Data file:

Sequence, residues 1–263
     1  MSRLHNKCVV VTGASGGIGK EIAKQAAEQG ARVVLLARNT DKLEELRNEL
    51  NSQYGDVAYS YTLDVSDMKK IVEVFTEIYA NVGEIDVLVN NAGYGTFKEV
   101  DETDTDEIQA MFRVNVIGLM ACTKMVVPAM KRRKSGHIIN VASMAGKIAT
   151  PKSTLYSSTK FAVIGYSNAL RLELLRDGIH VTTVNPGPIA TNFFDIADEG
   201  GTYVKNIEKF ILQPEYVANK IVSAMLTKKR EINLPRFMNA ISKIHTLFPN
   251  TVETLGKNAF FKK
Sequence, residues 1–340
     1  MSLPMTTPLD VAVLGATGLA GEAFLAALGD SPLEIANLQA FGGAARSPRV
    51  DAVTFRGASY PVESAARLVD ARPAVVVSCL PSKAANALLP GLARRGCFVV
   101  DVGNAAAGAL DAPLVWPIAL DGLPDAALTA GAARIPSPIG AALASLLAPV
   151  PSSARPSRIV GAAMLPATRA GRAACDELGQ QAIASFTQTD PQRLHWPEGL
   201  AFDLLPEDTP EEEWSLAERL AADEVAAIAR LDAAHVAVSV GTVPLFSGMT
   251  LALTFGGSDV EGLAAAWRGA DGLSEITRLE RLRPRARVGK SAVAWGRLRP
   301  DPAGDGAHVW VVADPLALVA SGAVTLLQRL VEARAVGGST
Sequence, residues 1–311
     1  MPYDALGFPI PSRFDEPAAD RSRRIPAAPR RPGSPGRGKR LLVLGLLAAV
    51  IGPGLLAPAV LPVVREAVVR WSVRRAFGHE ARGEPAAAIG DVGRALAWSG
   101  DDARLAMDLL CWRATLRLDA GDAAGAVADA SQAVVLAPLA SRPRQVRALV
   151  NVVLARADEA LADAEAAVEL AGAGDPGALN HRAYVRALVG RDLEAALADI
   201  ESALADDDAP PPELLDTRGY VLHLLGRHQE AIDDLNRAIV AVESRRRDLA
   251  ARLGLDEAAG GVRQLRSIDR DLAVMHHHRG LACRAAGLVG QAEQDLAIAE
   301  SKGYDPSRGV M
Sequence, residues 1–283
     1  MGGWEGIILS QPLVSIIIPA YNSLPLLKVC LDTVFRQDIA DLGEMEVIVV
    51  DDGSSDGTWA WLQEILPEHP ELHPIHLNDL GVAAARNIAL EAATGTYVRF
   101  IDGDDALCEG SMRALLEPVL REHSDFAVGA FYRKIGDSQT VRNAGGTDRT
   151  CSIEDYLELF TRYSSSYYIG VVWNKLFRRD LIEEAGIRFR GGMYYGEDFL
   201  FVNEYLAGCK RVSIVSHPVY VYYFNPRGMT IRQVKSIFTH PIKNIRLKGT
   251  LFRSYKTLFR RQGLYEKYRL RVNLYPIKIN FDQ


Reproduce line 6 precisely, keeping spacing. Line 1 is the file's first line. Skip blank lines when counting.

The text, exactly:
   201  GTYVKNIEKF ILQPEYVANK IVSAMLTKKR EINLPRFMNA ISKIHTLFPN